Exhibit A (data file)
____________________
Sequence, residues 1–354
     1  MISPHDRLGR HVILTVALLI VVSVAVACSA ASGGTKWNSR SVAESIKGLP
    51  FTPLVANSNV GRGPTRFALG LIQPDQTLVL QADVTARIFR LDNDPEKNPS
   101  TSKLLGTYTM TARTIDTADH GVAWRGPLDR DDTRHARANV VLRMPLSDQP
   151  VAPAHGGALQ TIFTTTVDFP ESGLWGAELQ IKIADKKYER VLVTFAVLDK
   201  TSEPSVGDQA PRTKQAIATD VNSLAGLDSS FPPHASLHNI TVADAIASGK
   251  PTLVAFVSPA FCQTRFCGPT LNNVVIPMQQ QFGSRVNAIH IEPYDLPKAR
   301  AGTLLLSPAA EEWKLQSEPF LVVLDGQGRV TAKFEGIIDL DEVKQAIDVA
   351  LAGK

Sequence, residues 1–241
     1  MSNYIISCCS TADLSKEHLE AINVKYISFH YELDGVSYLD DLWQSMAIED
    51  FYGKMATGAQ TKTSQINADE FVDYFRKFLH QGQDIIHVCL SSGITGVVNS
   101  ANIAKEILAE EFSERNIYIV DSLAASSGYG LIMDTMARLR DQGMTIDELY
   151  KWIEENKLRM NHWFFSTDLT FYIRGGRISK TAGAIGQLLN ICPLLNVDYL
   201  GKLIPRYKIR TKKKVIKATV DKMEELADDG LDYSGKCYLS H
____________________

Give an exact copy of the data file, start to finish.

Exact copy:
Sequence, residues 1–354
     1  MISPHDRLGR HVILTVALLI VVSVAVACSA ASGGTKWNSR SVAESIKGLP
    51  FTPLVANSNV GRGPTRFALG LIQPDQTLVL QADVTARIFR LDNDPEKNPS
   101  TSKLLGTYTM TARTIDTADH GVAWRGPLDR DDTRHARANV VLRMPLSDQP
   151  VAPAHGGALQ TIFTTTVDFP ESGLWGAELQ IKIADKKYER VLVTFAVLDK
   201  TSEPSVGDQA PRTKQAIATD VNSLAGLDSS FPPHASLHNI TVADAIASGK
   251  PTLVAFVSPA FCQTRFCGPT LNNVVIPMQQ QFGSRVNAIH IEPYDLPKAR
   301  AGTLLLSPAA EEWKLQSEPF LVVLDGQGRV TAKFEGIIDL DEVKQAIDVA
   351  LAGK

Sequence, residues 1–241
     1  MSNYIISCCS TADLSKEHLE AINVKYISFH YELDGVSYLD DLWQSMAIED
    51  FYGKMATGAQ TKTSQINADE FVDYFRKFLH QGQDIIHVCL SSGITGVVNS
   101  ANIAKEILAE EFSERNIYIV DSLAASSGYG LIMDTMARLR DQGMTIDELY
   151  KWIEENKLRM NHWFFSTDLT FYIRGGRISK TAGAIGQLLN ICPLLNVDYL
   201  GKLIPRYKIR TKKKVIKATV DKMEELADDG LDYSGKCYLS H